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Laurie Wimmer

I come by my commitment to service naturally.  My mom was a nurse and the only woman in our neighborhood to be employed outside the home.  My dad, a band director who played jazz on the weekends, worked 80 hours a week for his entire career.  Both taught me that work is love and service work is the best kind of love.

I and my brother Kenny (my best friend and co-conspirator) were born and raised in this beautiful state and attended public school in Gladstone, Oregon, where Dad taught.  One of the first traumas of my life occurred when Kenny died in a motorcycle accident my freshman year in college. I received his last funny, prankster letter a week after his death.  He had been a talented musician like dad, active in theater and jazz choir. He also was a makeup artist, hired by the Portland Opera Company and Reed College, among others at the ripe old age of 16 – the last year of his life.

I attended Vassar College on academic scholarships and then returned to my native Oregon right as the 1980 recession hit, obliterating all jobs much as the recessions of the 2000s have for more recent graduates. I worked as a freelance writer, in publishing, and volunteering for a variety of progressive political causes and candidates in those days, already looking for ways to contribute to my community.

Over the years, I served as a counselor in an abortion clinic that was frequently the site of blockades by anti-choice activists. I testified in court to win a clinic-access order to protect our patients.  All the while, I worked on campaigns, including Jesse Jackson’s bid for President, and as a writer and editor for various publications. In 1990, I was selected as Executive Director of the Oregon Commission for Women, where I worked to pass Oregon’s historic Family Medical Leave Act, domestic violence and stalking legislation, and health-care reforms.  I did all this while raising my first two children, Griffin and Riley.

It was in my role as “Mom” that I first became an advocate for public education.  Portland Public Schools faced a financial deficit and planned to cut full-day Kindergarten districtwide as a result, just as my firstborn was about to enroll.  I petitioned the board, organizing more than 150 parents and educators to successfully oppose this decision.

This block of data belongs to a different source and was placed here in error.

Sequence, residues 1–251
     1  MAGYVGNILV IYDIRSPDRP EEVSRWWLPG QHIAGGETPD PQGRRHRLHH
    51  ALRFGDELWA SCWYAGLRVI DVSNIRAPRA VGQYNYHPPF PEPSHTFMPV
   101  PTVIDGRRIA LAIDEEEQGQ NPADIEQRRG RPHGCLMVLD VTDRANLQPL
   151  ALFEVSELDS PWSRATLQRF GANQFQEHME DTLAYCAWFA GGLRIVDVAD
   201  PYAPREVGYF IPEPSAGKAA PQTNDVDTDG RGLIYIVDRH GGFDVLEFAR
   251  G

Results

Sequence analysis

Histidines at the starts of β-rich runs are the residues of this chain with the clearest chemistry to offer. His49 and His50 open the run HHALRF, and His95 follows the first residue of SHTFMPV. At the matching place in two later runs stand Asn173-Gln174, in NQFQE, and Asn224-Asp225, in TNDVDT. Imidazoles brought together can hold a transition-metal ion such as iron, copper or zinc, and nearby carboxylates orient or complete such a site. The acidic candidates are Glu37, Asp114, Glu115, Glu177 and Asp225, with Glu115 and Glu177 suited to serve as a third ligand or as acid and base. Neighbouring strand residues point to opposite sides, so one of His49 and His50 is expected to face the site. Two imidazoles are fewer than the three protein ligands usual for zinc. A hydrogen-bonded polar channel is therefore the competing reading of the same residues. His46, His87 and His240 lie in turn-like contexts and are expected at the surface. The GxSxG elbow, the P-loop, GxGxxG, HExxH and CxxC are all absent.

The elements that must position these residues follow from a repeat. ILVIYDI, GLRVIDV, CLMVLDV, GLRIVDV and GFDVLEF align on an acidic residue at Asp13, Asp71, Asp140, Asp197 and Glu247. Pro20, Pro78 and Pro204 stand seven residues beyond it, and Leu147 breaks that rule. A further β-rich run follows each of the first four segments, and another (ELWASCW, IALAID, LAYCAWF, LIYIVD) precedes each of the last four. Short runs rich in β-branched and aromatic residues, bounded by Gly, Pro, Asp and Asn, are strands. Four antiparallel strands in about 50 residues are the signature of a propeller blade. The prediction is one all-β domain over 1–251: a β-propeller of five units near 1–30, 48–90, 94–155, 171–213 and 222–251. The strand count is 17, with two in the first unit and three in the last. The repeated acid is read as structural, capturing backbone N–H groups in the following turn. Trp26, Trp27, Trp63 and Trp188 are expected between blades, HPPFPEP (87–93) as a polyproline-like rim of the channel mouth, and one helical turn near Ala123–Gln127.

In 1996, I was chosen to represent the 45,000 members of the Oregon Education Association.  As a mom, it was my honor to advocate for public education. I have been there ever since, leading the charge on school funding, revenue policy, student health and safety, higher education, and other policy issues.  Part of this work has included service on various groups and committees, such as the African American Student Success Advisory Committee and the Oregon Revenue Coalition.

In 2019, I was one of the key architects of the game-changing Student Success Act, which will add $1 billion a year in perpetuity to our chronically underfunded education system.  I am particularly proud of the Act’s emphasis on meaningful equity and supports for mental health and nutrition. (The food access provisions of the law make Oregon the best state in the nation for the percentage of students receiving meals in schools.)  It is the crowning achievement of my public service career.

After my two children were grown and out in the world, I got a desperate call one Friday night.  Two children – friends of my daughter – had survived the tragedy of family violence only to land in foster care.  One, a trans child with Down Syndrome, was being forced to wear dresses, though he identified as male. Both he and his young brother were sleeping on a floor, scared and isolated from the world they had known.  Within a week, I had won custody of the kids, who I raised as my own. 

Now, I am an empty-nester once again, all four children having reached adulthood.  My partner Ramin and I are permitted to share our dog Zuki’s home in northwest Portland.  Ramin is a Portland State University professor, currently writing a book about his harrowing escape from anti-Jewish persecution in his home country of post-revolutionary Iran.  

Though I am proud of my contributions to public policy and to my community, I have experienced three years of profound despair over the many ways our catastrophic president has worked to destroy our republic.  I know that all of us feel appalled, by this and by the increase in violence and racism, the anti-union activities heightened since the Janus Supreme Court decision, the existential climate crisis, and our nation’s overall slide into stark economic inequality.  These desperate times make it impossible for me to sit on the sidelines. I was raised by my nurse mom and teacher dad to give back to my community, and it is through legislative service that I believe I can continue to make a difference in this troubled world.

“Folks in our district deserve to have a legislative champion who is not afraid to fight for the issues that matter. I’m not afraid of tough challenges, and I will stand up for the people of this state.


My proven record of success – getting the first family leave laws passed, ensuring that women’s health care coverage included lifesaving mammograms and PAP tests, and now, ensuring a stable new funding source to give our students the schools they deserve – will enable me to hit the ground running.”

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